One day several of the pieces of one of the puzzles started to move around. There had been rumblings that I had heard via my eldest sister and not internalised, I was way too busy trying to keep myself glued together.

One day it clicked. I realised why the mother was so pissed off: she was coloured!

In South Africa there are three main designations: white and non-white. Just kidding. The three main designations are black, coloured and white. Coloured is the American equivalent of black, which includes anyone who is not white. In South Africa coloured is a random designation of mixed race originally based on three things. Firstly, the tone of your skin. Is it light enough to be classified white or not? The second factor was hair. coloured grannies rejoiced when a grandchild was born with hair. When my mother’s cousin told me this, I asked “but doesn’t everyone have hair?” They meant children who had straight hair that would grow: hair that would pass the “pencil test” – another random test where a pencil was placed in the hair and if it stayed there the child was “coloured”. The third criteria was based on who you spent time with and what colour people perceived you to be. It was completely random. Every month in the Government Gazette there would be notifications of people who had changed race. 

My mother, her three brothers and my granny all “passed for white”, a term used for coloured people who were light enough and cracked the nod into the life of white protection and privilege: people who had hair that passed the pencil test” and who hid the fact that their relatives we designated coloured. I cannot stress how important enough it was to not be “found out”. If you did deign to spend time with your relatives who lived in different areas designated for coloured people courtesy of the Group Areas Act, you had to be very careful. Someone of a different race in an area that was designated for a particular race might be picked up by the police. This reality meant you might be re-classified as non-white and lose your privileges.

My mother’s terrible secret was that she fell between the cracks!

My granny’s seven siblings and all their children were designated “coloured”. Even my great-grandmother was sent to live in Athlone – an area designated specifically for coloureds. My granny and their children must have spent a lot of time holding their breaths, hoping that no-one wouldn’t find out so that they would not be re-classified.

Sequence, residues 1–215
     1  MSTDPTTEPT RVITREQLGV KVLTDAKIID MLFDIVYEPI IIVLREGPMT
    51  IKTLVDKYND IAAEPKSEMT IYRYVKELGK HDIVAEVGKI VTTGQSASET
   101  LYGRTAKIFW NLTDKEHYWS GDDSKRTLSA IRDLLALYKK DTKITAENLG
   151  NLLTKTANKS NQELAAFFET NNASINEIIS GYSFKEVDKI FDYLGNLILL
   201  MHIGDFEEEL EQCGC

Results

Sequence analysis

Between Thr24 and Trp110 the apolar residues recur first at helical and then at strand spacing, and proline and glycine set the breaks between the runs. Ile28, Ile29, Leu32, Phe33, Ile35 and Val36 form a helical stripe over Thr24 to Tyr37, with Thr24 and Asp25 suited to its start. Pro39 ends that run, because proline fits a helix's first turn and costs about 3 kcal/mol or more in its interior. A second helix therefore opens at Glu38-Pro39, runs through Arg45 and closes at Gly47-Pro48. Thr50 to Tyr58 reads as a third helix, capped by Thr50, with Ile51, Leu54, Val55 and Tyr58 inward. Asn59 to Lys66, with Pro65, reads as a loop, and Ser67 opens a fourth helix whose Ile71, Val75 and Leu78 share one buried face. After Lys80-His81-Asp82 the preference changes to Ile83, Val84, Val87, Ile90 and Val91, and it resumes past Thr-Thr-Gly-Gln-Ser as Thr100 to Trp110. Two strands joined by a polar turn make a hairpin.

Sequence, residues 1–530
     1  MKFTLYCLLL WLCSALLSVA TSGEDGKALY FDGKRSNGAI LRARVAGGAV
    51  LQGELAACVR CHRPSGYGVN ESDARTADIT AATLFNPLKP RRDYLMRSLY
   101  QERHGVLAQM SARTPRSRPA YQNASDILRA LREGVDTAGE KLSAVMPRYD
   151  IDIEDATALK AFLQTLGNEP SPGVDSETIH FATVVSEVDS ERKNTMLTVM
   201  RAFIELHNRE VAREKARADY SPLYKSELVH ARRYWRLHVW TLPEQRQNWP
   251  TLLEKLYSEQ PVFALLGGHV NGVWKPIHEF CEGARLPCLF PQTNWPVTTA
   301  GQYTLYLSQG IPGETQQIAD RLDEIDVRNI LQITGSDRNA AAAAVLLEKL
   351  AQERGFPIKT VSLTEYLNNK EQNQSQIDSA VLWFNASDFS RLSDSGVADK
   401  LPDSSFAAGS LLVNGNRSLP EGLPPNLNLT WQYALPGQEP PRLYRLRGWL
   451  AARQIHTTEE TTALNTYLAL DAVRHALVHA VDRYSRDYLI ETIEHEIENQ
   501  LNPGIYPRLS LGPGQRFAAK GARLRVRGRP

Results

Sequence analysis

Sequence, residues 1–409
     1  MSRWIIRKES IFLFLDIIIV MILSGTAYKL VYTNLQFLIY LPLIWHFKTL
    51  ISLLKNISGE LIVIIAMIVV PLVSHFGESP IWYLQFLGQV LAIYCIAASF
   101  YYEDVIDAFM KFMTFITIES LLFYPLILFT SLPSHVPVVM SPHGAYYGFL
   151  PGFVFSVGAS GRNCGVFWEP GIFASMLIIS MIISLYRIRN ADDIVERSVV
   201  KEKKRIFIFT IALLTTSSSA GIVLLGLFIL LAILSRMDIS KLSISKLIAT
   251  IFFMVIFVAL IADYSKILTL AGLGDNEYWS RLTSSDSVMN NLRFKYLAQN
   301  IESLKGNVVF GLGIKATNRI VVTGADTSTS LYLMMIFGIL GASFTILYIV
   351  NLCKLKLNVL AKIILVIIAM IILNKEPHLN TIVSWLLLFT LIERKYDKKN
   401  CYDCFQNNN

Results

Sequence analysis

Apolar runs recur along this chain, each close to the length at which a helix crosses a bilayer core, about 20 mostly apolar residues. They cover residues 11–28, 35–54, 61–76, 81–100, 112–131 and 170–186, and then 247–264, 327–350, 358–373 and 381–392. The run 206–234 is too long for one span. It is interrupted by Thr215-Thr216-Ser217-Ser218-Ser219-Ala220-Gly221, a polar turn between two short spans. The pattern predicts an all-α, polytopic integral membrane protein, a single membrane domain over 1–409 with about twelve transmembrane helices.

The designation later changed to “what you parent is classified as”. As long as my granny stayed white, my mother was safe. Her volatile projectile vomiting of verbal abuse makes sense now.

A lot changed in the nineties prior to the first truly democratic vote. Every colour was allowed to vote - even those who didn’t pass the pencil test! There was one little snag: everyone needed to get a new “bar coded” green ID book. Everyone’s ID number was changed to sanitise it from its racial identifier. Previously each group (white, coloured, Griqua (black), Malay (Muslim coloured), Indian, Chinese, other Asian and Other Coloured) were dictated by the number 0 to 8 as the third last digit. At the time I didn’t notice that the last three digits of my ID number changed from 004 (for white South African) to 087 (for unspecified South African). I suspect many others didn’t notice either. If they did, I doubt they realised why. All numbers were changes to 08 or 09, with the last digit being a check digit in terms of Luhn’s Algorithm.

Nelson Mandela became president, while the whole world watched, shed a tear, cheered him on as he created a "Raindow Nation".

It was only when I discovered my mother’s terrible secret that I took the time to investigate the history of Apartheid. It was enlightening, shocking and helped me understand my mother’s ways. I’d missed so much. Depression had stolen the time I might have had to be aware.

My mother still kept her secret. This despite the fact that Affirmative Action was implemented to attempt to right the wrongs of the previously disenfranchised. She never got to a point where she decided that it was acceptable, even desirous, to be non-white. She protected her terrible secret with vigilance. Our coloured relatives were expected to maintain secrecy. 

I asked one of my mother’s cousins why they hadn’t spoken up. There was a tacit agreement that you wouldn’t out any relatives that had been lucky enough to “pass for white”. Our coloured relatives even discussed who was “light enough” to attend my mother’s funeral, who would pass under the radar. I certainly didn’t notice. I was flustered at the funeral and simply thanked those who offered condolences. I didn’t ask anyone who they were. My mother was a social butterfly and had many friends. Those that I didn’t know as relatives, I simply assumed were friends and thanked them. Apparently I met three of my mother’s cousins that day. I didn’t know. I didn’t ask. Just like Apartheid. We didn’t think to ask!

RIP Tata Madiba. Little else can be said...

Although I am going to try.

1989, my matriculation year, was the last year of segregated education. Ironically, it was called Christian National Education. Going to all white school meant you didn’t have many friends of other races. Pretty much no-one with the exception of your non-white domestic who was trained not to tell little white girls about the atrocities of home life. And she was not a friend – she was a maid who made your bed, made you meals and did everything that the whiteys didn’t want to deign to do. 

Dedicated to Tata Madiba – Nelson Rolihlahla Mandela

1918-2013 (today)

A man who more than coped despite the odds.

The maker of a Rainbow Nation.

Everyone’s hero and hope.


How, I never understood!